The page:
FAQ

Following are questions frequently asked about massage and what to expect. If you have more questions, please go to the contact page and I will answer them for you and/or will add them here for others who may have the same questions. Unless otherwise specified, I will answer as you would expect from me in my office. Other therapists may do things differently.

What do you mean I have to fill out paperwork? I’m just here to relax.
On the first visit, I do ask all my clients to fill out a couple of pages of information. I ask about your current health and medications, past injuries and accidents, and whether you’ve ever had a massage before. I also ask about why you have come in to see me and if there are any specific areas you would like worked on. All of this allows me to get a good idea of what tools I have that would make your massage the best experience for you. If you have health conditions that might be affected by massage, such as heart disease, hypothyroidism,¬†cancer, etc., I can make sure the massage itself is safe for you.

Do I have to take my clothes off?
In my office, there are no hard and fast rules about disrobing, except that if you do get undressed, you will be under a sheet, and a blanket if needed for warmth. I will leave the room while you disrobe for your privacy while you get on the table.If you are uncomfortable disrobing, I have 3 techniques I can use to give you overall relaxation: CranioSacral Therapy, Visceral Manipulation, and Thai Massage. We can also use compression techniques for a full body massage with you fully clothed. I’ve been asked many times what “most people do.” I respond that there is no “correct” way, but “most people” choose to get undressed, some choose to leave their underwear on, others don’t. It’s all about personal preference. Either way, your privacy, modesty, and comfort are my utmost concerns. If you are comfortable, the more you are going to enjoy the massage. If you do choose to disrobe, I uncover only what I am working on at the time, and when I am finished, will cover that area before moving on to a different area. If I work in the glute area (your “bum”), I always work through the sheet. I will never work on private areas.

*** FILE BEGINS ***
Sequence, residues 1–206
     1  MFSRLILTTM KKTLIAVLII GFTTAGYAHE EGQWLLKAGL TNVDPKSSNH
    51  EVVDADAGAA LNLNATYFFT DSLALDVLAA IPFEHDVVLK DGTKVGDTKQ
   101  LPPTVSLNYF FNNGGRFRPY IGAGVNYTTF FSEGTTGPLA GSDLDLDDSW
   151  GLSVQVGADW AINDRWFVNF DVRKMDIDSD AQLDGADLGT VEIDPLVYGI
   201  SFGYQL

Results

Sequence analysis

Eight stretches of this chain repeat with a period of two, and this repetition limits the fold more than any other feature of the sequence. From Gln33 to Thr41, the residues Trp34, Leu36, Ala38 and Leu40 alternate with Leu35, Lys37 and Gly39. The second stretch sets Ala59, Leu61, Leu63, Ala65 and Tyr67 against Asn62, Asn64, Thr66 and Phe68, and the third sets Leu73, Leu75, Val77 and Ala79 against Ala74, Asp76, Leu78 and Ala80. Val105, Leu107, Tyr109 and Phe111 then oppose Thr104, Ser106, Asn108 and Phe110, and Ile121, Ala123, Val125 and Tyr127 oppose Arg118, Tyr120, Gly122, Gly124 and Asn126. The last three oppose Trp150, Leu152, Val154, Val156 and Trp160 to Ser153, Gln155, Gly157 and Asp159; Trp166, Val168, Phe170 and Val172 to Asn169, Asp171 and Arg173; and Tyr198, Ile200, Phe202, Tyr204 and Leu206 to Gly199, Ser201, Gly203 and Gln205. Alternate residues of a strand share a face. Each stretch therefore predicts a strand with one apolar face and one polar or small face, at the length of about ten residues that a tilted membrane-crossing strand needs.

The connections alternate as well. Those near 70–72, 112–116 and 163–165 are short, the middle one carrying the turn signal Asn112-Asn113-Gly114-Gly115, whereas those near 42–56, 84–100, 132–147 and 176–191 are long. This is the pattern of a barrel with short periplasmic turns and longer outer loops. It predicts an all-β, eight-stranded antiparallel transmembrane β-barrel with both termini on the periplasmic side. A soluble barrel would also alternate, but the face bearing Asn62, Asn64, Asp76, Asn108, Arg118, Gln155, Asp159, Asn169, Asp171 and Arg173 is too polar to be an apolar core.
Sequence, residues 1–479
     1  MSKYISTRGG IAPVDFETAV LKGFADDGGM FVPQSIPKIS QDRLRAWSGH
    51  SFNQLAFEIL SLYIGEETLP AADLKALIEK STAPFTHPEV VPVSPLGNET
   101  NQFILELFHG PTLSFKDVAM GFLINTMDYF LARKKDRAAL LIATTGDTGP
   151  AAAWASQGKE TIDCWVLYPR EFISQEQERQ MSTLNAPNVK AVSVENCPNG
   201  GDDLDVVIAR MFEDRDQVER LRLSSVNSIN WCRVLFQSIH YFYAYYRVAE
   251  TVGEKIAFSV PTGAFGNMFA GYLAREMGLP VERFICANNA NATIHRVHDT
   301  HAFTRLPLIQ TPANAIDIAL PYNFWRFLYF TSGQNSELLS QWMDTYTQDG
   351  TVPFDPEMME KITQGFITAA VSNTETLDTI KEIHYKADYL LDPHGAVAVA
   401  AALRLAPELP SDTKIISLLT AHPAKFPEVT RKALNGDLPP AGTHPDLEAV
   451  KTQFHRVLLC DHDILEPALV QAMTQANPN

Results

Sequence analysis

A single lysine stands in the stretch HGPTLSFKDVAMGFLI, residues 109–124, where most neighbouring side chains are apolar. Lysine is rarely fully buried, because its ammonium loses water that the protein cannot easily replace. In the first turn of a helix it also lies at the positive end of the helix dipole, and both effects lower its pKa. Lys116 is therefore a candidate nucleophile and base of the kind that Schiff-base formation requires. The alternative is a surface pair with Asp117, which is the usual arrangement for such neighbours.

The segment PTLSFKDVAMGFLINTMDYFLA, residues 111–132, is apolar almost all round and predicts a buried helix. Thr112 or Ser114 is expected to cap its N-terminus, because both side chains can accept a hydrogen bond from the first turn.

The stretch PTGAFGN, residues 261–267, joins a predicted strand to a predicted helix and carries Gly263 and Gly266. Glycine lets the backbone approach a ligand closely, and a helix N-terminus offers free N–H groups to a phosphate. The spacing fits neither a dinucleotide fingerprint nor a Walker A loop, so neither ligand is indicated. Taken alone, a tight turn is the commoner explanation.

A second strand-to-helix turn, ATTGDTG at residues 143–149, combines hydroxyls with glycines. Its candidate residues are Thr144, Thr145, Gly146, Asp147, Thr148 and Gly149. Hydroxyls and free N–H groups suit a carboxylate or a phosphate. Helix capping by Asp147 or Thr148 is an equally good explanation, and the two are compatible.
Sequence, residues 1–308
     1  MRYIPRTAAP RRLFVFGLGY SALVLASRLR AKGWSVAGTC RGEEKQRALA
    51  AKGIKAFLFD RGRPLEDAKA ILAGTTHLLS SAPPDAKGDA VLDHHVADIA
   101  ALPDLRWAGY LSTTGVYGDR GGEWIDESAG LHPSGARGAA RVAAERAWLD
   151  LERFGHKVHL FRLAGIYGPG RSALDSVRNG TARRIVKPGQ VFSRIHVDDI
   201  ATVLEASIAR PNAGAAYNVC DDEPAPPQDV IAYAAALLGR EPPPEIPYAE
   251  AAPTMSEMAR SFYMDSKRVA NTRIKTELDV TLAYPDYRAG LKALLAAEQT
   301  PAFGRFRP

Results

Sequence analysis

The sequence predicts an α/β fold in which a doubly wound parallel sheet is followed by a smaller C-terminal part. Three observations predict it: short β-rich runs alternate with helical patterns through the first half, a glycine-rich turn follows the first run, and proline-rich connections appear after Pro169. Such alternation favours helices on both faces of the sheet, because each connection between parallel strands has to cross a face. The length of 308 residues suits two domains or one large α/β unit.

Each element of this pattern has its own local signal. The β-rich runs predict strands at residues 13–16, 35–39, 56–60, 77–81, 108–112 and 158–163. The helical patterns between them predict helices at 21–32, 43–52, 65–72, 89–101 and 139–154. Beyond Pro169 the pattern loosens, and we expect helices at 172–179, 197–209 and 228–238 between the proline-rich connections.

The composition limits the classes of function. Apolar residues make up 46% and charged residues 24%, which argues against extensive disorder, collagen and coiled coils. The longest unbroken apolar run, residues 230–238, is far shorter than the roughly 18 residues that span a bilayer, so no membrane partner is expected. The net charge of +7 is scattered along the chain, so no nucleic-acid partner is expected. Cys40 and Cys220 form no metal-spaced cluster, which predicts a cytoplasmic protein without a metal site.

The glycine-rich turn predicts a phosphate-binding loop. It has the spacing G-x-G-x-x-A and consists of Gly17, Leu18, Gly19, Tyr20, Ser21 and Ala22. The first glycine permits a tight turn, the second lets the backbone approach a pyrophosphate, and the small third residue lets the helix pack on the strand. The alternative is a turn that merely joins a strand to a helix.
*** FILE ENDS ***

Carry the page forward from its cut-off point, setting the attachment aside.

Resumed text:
Can I talk, or do I have to be quiet? / Do I have to talk, or can I just relax?
This I leave up to the client. If you want to relax / go to sleep / snore, that is just great. If you are more comfortable talking, we can do that as well. Silence is good for those who can relax and let the massage take you into deeper relaxation. On the other hand, emotions and memories are stored in your muscles and other tissues, so some need to express themselves as the massage happens in order to process. As a matter of ethics, what is said in the massage environment stays between client and therapist.

What makes you different than other massage therapists in our area?
Every therapist has their own style, but having been trained in Portland, OR, I was trained in a state with the 2nd most difficult licensing exam in the country (New York is the first), so the standard of training had to be top notch. East West College of the Healing Arts had a pass rate of the Oregon exam of close to 100%, which is 10-15% higher than the state average.

Training aside, in the area of deep tissue and trigger point, having had a few massages from some good therapists in the area, I would have to say my technique seems to be more specific in nature. I am on a mission to help find the source of your pain and create an environment of pain-free movement. I don’t subscribe to the across-the-board “no pain, no gain” philosophy. Everyone has their own pain tolerances and there is a difference between “therapeutic pain” (that hurts so good) and pain that makes you want to squirm and tense from the pressure. I work within each individual’s comfort level which can mean lighter touch for some, “getting in there” for others.

I also do CranioSacral Therapy which as you may have read in the Services page is a really light touch technique that can make subtle changes that make a huge difference. Thai massage is also a technique I use, but is not done by many therapists in the area.

In addition to techniques and style, I have chosen to be licensed in Washington and in Idaho, Nationally Certified by the NCBTMB, as well as being a member of the American Massage Therapy Association. To become state licensed and nationally certified, a therapist is required to pass exams showing aptitude in skill, law, and ethics while performing massage. All 3 require one to follow certain standards of practice as well as ethical standards. The AMTA membership provides liability insurance to protect both you and me in the event something happens as the result of a massage, which I try to prevent by taking the detailed intake your first massage.

Where can I find more information about CranioSacral Therapy and Visceral Manipulation?